Langholme is steadily maturing now and growing into a first class fishery. We are very lucky to have lads up there who care passionately about the place and do some fantastic work. Along with Horseshoe, Langholme has had a good stocking of Carp over the last few years and there's some cracking fish in there now. Hopefully once this website is up and running and I get all the relevant facts and figures from the guys up there I can give you a more comprehensive run down of the place. I have fished up there, but many years ago, it was a lovely place then and I'm sure, knowing all the work that has gone into the place since my last trip there, that it's even better than I remember. I will be going up there in the not too distant future, so watch this space. Suffice to say, if you do live up North, then Langholme is well worth looking at if you are looking to broaden your horizons.
Just a couple of the Langholme residents
Changing subject now and hopefully you will have noticed a banner on the home page of the website titled PAG. I urge you to look at this page as it is vitally vitally important to the future of angling that you all get involved. The PAG have been working relentlessly for a number of years now to not only bring awareness of the problems of predation but actually try and get things done about it. I saw a ridicules comment on a FaceBook thread the other day where someone with absolutely no knowledge what so ever was saying the PAG is just another group of blokes sat round a table having a free lunch and massaging each other's ego's, or words to that effect. I cannot tell you how wrong that comment is, I came to the PAG table late on in its life, and to be fair to the unknowledgeable one, I, like him, was not expecting a great deal, the difference being though, I was willing to gain a bit of knowledge before commenting (a trait that sadly seems to be dying out) anyway, how wrong I was. It's quite clear to me that the guys and girls at the PAG are 100% committed to fighting predation, if you think for one minute that Mark Holmes is happy to come along to a meeting, chat shit, have a free lunch and toddle off home, then you clearly don't know him. If you think Tim Paisley likewise is happy to do that, then again you don't know him and it's exactly the same with the rest of the Board, committee, whatever you want to call us. Each and every one of us is absolutely giving it our all to end this problem, because, make no bones about it, if something isn't done, and done soon, fishing, angling, will be no more, it's as serious as that.
Don't let this happen.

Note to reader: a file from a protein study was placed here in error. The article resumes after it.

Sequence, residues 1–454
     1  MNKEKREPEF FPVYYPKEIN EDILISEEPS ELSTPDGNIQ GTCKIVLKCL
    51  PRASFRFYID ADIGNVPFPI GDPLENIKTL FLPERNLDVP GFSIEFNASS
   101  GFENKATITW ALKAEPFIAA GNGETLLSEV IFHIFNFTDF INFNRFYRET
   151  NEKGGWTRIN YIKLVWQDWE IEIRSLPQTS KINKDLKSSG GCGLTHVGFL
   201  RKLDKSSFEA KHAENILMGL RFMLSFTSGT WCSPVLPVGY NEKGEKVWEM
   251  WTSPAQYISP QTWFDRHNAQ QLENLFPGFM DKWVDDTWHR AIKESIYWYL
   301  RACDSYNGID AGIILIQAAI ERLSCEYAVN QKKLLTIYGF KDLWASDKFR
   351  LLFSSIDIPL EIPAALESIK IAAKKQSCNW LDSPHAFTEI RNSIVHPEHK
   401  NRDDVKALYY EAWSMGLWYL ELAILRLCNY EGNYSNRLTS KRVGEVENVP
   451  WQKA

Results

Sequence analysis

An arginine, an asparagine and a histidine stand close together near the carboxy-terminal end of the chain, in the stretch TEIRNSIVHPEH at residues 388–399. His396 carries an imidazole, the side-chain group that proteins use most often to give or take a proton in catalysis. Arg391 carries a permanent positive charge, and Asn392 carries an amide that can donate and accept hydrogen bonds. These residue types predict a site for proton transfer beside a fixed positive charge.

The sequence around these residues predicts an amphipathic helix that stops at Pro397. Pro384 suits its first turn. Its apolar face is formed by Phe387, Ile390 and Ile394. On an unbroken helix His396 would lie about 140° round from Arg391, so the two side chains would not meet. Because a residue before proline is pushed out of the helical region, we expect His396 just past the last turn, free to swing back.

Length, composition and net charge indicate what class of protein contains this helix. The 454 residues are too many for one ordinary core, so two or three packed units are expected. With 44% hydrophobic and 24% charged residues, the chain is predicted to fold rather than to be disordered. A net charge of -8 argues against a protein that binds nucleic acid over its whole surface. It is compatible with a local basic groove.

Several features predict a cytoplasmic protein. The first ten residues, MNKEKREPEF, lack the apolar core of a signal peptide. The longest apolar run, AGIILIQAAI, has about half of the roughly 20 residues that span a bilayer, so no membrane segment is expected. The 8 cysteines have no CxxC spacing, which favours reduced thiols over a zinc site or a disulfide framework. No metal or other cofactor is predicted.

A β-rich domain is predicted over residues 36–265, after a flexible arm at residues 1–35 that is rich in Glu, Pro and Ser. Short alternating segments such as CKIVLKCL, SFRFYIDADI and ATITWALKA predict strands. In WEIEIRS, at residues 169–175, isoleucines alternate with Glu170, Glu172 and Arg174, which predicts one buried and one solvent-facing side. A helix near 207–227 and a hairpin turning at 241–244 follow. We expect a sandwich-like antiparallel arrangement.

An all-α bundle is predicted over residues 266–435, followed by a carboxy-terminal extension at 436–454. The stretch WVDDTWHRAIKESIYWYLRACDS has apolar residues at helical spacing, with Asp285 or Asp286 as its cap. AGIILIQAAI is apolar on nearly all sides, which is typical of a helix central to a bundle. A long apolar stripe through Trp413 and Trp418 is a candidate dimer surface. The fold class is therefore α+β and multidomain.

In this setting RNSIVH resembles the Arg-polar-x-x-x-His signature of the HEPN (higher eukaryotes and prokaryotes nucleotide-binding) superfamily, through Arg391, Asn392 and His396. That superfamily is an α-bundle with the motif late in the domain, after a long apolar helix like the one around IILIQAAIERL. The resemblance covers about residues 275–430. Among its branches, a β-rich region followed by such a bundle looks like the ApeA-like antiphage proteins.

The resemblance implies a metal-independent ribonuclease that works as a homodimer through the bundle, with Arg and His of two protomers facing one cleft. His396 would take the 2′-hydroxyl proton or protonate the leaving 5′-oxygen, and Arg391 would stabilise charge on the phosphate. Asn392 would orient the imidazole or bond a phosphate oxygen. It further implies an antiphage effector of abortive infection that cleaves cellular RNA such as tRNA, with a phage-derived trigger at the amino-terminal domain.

The PAG have already made in roads that a couple of years ago would have just been a pipe dream. They have been heavily responsible for the introduction of the new Class Licence to trap and remove otters from fenced waters, and while at first glance the licence looks unworkable and stacked in favour of the Otter, what is significant about it is that it's the first real breakthrough in getting an acknowledgement from UKWOT (United Kingdom Wild Otter Trust) that there is actually a problem. The Licence falls well short of where we want to be but it's a start, and like I said earlier it's a significant start. We are fighting against people who are as passionate about Otters as we are about fish, so we really do have a massive fight on our hands, and it's not just UKWOT we are having to convert, the EA are clearly in the Pro Otter camp, so they need convincing as well. One of the EA guys, whose name keeps popping up, is so Pro Otter that I don't think a million sledge hammers could drive the message home to him that Otters are killing our fish, he just does not see it has a problem, in fact, not only doesn't he see it as a problem, he actually sees it as a good thing. He argues that growing large fish (specimen Carp) is bad fishery management, and that otters eating large fish is a positive thing because it then allows the smaller fish to flourish, his actually words are that "fish populations with a large cohort of specimen fish reflect s depauperate fish community structure". I've read quite a lot of the rubbish he publishers and I've been at conferences where he has spoken, he actually holds Carp anglers in contempt and it's quite clear he sees us as some form of Neanderthal. I wonder if he will still feel the same when there are no fish and therefore no anglers and therefore a shortfall of some £40 million in the EA funds and therefore no job for him. Anyway I only mention him as an example of what we are up against, these people simply will not move an inch, they throw figures at you that there's only one otter every 26 mile and then they say Otters don't eat big fish (which is slightly contradictory to other comments they make saying that they welcome otters eating big fish) We need to make these people see the problem and unfortunately for us at the moment, if it's not on a spread sheet or a power point presentation then it's not true, they constantly refuse to believe the number of incidents of predation or indeed the number of Otters in the UK because it's not on a spread sheet. Which (eventually) brings me back round to our website page for the PAG? If you look at the page you should see 2 green boxes, one titled 'Fencing Survey' the other titled 'Predation/Otter incident report. Please please please fill these forms in and get them off to us. We need to collate a record of Otters seen, Otter predation etc and we need to present it in such a way that it is irrefutable. Fill the forms in, join the PAG and support them in their efforts to save the fish population of this country. It's time to end the apathy and get involved someway somehow. Just do it.